NSW has recorded 3,057 COVID-19 cases and two deaths just days before families and friends across the state are expected to gather for Christmas.
It is the first time daily cases have reached the 3,000 mark anywhere in Australia.
Hospitalisations again increased today to 284, up from 261 yesterday.
There are now 39 patients in intensive care.
NSW Premier Dominic Perrottet yesterday reiterated calls for calm, saying hospital and ICU figures were still low.
Mr Perrottet said his government’s pandemic response was about balancing keeping people safe and boosting the economy.
“The pandemic is not going away, we need to learn to live alongside it,” he said.
The state government and health experts are at loggerheads over restrictions which were eased on December 15.
Epidemiologists and medical peak bodies have called for the return of masks in indoor settings and QR code check-ins.
Mr Perrottet said people should continue to wear face masks, even though the public health order mandating them for indoor settings was scraped last week.
The uptick in cases comes just days before families and friends will celebrate after a difficult year, which included 107 days in lockdown due to the Delta outbreak.
However, tens of thousands of infected people and their close contacts may now be forced to spend the holidays in self-isolation.
NSW Health at the weekend noted Omicron was now likely the dominant strain in the state’s third outbreak.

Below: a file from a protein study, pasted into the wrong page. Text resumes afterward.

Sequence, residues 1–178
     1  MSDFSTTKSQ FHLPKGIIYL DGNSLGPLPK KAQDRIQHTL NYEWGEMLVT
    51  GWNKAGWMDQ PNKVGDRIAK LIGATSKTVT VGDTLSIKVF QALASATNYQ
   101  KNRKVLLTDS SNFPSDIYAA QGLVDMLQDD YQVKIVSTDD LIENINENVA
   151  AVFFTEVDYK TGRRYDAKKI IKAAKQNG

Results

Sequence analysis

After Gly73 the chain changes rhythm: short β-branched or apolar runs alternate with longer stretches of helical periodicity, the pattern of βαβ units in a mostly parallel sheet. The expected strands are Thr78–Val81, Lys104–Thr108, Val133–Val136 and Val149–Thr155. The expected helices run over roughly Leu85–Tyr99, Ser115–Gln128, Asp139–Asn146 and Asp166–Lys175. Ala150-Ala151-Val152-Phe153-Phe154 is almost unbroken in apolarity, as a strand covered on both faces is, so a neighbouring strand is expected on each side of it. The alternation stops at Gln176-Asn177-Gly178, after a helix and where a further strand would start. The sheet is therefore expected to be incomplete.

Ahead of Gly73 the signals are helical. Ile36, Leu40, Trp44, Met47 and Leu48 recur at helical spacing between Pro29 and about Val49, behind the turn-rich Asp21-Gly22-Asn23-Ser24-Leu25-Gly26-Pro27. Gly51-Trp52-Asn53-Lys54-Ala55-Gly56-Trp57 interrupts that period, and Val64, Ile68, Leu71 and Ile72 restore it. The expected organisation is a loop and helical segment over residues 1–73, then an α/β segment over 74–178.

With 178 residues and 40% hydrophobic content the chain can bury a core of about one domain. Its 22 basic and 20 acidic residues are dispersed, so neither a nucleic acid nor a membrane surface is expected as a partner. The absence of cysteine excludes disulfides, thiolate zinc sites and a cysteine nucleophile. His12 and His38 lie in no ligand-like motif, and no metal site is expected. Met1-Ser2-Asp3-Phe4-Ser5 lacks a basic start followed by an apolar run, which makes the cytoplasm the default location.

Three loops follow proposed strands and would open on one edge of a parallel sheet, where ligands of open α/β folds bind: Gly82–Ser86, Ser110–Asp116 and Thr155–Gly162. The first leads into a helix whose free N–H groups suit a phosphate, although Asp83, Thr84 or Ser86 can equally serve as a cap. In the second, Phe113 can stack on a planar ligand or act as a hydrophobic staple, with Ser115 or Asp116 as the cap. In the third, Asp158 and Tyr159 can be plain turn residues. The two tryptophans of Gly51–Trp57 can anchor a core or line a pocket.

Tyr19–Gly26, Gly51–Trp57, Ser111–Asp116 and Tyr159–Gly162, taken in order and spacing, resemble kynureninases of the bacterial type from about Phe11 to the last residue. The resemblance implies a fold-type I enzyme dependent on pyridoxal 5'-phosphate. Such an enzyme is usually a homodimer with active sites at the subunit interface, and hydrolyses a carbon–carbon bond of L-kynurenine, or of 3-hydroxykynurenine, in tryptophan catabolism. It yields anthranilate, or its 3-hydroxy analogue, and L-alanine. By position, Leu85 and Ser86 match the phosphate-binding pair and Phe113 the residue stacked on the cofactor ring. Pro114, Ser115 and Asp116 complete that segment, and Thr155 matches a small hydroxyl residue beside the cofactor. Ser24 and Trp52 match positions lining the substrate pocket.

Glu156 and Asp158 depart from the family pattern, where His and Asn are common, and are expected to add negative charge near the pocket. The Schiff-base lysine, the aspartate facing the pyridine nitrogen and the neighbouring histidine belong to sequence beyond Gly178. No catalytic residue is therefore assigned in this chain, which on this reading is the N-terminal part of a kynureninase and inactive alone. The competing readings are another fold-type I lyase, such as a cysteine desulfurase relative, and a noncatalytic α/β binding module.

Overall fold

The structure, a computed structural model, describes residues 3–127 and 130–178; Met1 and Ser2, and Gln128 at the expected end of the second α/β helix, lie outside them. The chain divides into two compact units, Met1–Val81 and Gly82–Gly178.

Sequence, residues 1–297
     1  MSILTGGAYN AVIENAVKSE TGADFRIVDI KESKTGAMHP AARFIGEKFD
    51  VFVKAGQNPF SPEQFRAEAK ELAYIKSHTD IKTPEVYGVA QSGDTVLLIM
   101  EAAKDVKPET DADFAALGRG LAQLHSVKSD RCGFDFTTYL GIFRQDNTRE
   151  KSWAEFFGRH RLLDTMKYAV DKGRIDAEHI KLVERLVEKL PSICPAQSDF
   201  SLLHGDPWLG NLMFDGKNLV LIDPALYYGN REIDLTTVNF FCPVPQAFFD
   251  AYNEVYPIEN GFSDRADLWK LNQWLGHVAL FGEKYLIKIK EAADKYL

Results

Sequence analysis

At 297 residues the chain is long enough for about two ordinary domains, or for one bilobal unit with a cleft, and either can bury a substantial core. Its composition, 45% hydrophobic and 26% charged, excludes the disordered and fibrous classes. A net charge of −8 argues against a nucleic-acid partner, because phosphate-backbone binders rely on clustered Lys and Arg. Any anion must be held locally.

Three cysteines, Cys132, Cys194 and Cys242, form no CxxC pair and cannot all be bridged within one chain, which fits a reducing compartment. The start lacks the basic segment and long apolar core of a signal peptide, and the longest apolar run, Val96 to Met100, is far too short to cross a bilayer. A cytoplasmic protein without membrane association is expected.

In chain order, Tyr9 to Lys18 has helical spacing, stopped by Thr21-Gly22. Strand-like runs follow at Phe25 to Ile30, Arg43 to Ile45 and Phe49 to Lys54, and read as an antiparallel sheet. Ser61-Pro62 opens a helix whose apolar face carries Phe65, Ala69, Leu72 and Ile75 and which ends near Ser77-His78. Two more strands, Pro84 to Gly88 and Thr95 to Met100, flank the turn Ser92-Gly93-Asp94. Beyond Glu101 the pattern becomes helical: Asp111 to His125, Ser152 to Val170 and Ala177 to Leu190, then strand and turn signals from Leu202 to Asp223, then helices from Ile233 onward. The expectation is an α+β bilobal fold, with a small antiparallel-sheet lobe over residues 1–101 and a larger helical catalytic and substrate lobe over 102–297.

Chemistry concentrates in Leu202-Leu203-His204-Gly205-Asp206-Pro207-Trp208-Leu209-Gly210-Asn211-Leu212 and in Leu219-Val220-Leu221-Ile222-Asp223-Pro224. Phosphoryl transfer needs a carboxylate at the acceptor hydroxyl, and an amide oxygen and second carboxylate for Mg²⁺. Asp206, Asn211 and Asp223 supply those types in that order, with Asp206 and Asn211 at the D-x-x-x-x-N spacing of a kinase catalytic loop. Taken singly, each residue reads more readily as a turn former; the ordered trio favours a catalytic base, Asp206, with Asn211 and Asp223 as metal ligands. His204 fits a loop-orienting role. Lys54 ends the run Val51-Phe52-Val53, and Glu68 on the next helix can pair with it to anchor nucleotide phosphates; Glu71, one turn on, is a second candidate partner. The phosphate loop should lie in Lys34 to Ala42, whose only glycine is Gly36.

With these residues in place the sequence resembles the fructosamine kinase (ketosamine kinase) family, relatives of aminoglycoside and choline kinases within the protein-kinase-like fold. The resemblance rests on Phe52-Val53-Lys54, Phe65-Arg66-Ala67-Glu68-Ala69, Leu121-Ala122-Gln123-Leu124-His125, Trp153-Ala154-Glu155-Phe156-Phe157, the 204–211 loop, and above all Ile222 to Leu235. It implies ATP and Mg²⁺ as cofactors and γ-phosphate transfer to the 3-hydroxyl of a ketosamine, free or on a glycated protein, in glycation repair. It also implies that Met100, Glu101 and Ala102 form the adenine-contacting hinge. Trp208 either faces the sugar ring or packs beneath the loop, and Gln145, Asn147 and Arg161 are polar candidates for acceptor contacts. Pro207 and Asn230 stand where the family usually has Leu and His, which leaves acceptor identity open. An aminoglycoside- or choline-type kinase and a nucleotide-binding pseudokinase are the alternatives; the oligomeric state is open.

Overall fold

Although scientists are still learning about the latest variant of concern, it is hoped — from the data available so far — Omicron is less severe despite its apparent hyper infectiousness.
NSW Health Minister Brad Hazzard has urged people to get their booster shot as soon as possible if they are eligible.
Some experts are concerned households on Christmas Day would become superspreader events, but Mr Perrottet said his government would be focused on ICU figures as a metric for any adjustments to public health advice.
Peter Collignon from ANU’s School of Clinical Medicine yesterday said the roadmap should not be changed without the data to justify it.
“So far, I don’t think we have to push any panic buttons,” he said.
He said hospital admission rates had not soared, which is what he would expect if the vaccines were not providing protection against Omicron.
“Nowhere in Australia are we seeing hospitals filled with vaccinated people, nor I might say in South Africa or England either,” he said.
The latest infection figures have come from 136,972 tests.